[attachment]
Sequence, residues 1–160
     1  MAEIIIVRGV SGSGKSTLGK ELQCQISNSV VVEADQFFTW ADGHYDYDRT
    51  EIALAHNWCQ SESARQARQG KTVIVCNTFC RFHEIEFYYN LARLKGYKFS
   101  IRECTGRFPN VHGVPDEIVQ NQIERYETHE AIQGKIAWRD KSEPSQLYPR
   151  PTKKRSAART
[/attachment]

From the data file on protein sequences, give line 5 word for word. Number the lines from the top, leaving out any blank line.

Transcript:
   151  PTKKRSAART